Ghosting, while unpleasant, isn’t a rare phenomenon. In fact, a recent survey found that 82% of women and 71% of men have been involved in ghosting, with the main reason cited being avoiding confrontation – which makes sense, really. A lot of people are conflict averse and in this digital age, it’s even easier to just push the problem away by blocking or muting the person you’re cutting ties with.
However, according to a new study, people who ghost their friends in particular are more likely to experience depressive tendencies in the months following the ghosting.
Romantic And Platonic Ghostings Have Different Causes
However simple ghosting may seem as an action - just a quick block and the problem is gone! - it is often driven by complex personal reasons.
According to researchers at the University of Vienna, when people ghost romantic partners, they’re more likely to do so because of communication overload like getting too many messages for their personal comfort zone – but when people ghosting friends is likely due to low self-esteem.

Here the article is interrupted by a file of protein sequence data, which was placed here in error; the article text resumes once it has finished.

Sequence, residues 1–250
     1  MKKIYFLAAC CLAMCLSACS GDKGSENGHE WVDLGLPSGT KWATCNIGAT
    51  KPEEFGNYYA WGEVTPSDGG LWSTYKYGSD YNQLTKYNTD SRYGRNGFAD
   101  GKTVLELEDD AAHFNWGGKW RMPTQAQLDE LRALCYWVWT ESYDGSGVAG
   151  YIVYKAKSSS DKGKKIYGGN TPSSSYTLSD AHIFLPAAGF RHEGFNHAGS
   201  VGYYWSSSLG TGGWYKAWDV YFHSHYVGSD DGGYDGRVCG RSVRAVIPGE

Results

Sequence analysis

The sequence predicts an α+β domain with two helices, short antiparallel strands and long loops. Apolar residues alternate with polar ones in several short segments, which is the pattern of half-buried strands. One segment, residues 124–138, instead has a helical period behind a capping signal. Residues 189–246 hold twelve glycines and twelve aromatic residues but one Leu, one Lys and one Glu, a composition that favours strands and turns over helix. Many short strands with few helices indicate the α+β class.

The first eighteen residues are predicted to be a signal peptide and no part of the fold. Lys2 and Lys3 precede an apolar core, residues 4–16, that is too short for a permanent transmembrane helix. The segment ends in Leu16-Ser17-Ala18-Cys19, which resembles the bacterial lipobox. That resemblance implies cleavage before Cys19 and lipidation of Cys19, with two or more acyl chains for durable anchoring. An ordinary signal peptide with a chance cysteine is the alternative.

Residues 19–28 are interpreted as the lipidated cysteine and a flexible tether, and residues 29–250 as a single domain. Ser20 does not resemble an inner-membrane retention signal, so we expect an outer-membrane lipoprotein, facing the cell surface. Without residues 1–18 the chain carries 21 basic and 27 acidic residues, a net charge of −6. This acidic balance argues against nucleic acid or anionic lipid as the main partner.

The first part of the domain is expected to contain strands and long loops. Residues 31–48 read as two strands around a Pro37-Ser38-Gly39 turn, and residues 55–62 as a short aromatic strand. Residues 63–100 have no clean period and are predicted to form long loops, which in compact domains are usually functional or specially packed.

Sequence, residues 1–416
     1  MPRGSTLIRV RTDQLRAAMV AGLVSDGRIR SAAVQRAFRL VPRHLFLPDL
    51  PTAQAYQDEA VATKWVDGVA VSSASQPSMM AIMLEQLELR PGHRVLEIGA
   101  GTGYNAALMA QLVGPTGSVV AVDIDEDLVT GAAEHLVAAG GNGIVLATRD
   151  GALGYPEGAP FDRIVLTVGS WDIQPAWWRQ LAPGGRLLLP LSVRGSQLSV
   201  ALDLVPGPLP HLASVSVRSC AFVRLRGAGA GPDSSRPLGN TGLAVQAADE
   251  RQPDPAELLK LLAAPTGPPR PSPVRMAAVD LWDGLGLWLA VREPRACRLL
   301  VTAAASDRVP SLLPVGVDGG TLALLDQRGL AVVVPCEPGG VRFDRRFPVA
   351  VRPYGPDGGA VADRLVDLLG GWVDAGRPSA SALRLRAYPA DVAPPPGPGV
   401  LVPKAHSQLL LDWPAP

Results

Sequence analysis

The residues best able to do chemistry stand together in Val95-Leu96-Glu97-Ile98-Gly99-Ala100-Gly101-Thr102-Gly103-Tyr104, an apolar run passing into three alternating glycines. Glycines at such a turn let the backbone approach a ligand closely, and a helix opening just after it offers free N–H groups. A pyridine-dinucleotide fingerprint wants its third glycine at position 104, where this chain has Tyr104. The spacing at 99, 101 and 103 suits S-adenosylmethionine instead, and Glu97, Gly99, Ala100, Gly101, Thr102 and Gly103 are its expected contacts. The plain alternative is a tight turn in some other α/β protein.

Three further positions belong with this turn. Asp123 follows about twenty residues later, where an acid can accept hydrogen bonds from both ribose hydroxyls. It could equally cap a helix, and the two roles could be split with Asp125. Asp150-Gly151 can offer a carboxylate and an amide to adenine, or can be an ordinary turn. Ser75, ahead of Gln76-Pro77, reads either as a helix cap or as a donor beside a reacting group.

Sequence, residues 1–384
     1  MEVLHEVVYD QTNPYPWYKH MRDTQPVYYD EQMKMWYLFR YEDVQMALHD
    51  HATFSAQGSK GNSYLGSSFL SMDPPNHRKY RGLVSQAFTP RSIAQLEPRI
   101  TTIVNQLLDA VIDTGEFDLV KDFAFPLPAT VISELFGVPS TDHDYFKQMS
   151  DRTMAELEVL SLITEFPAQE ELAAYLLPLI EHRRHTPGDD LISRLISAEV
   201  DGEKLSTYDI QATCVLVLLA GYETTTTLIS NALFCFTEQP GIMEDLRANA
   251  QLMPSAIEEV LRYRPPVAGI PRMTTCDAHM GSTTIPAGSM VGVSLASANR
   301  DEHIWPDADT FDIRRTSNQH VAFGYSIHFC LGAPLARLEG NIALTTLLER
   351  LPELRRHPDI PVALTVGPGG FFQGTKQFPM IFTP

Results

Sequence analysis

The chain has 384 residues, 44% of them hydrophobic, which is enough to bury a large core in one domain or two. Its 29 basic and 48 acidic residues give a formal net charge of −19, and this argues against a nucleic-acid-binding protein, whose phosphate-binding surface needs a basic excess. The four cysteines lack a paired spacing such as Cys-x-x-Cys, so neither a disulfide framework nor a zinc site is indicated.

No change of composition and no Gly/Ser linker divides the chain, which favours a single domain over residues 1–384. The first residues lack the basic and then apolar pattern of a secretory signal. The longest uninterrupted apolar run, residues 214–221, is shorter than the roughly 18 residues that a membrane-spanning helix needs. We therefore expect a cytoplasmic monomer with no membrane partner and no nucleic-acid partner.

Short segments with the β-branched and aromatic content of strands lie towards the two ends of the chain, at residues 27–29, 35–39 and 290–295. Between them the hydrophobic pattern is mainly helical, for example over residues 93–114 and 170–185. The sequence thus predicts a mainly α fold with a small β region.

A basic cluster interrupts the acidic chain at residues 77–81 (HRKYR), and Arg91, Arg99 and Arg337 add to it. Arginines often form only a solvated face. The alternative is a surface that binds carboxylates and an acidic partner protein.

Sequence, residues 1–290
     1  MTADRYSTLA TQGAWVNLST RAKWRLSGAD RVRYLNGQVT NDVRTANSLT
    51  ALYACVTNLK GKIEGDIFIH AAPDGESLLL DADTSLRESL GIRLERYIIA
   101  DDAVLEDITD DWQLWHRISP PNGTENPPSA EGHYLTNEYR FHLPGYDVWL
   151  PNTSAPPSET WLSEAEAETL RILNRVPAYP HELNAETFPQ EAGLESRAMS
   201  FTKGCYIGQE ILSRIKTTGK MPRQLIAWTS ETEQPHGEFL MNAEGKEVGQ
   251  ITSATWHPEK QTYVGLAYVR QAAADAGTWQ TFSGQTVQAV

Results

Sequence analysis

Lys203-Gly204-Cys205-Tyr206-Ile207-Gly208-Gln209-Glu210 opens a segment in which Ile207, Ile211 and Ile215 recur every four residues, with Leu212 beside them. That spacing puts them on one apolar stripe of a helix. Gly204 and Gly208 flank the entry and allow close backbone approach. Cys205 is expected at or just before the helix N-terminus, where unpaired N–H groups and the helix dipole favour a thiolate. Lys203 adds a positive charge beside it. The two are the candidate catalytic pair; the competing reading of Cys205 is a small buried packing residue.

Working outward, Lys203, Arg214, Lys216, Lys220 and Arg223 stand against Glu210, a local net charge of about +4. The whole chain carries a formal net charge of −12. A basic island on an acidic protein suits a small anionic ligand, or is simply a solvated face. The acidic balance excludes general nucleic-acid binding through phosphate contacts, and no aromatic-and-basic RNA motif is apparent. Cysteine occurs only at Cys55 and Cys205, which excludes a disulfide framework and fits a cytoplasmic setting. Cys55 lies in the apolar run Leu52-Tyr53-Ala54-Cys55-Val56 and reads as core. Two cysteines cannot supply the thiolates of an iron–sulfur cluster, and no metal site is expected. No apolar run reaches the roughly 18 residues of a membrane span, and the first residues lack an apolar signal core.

Additionally, when people ghost a romantic partner, they don’t often experience any negative impacts on wellbeing but when they ghosted friends, depressive tendencies notably increased over time.
‘Reflect On Ghosting Tendencies’
The researchers conducted two sets of surveys, four months apart, on young adults aged between 16 and 21, with a total of 978 taking part in the first and 415 completing the second. Participants were asked about how often they had ghosted dates and friends, but the questions didn’t use the word ‘ghosting’.
Instead, they referred to similar behaviours, like ‘cutting off contact online without telling them why.’
It was in that second batch of 415 people that researchers found increased depressive tendencies in those that had cut off friendships but not so much for romantic partners.
Researchers emphasised in the report that those who ghosted others ‘rob themselves of (to some extent unforeseen) benefits of these interactions. In other words, ghosting friends might predict depressive tendencies by self-induced unfulfilled relational needs.’
To put it simply: ghosting doesn’t benefit anybody and healthy communication and vocalising boundaries is a much better approach.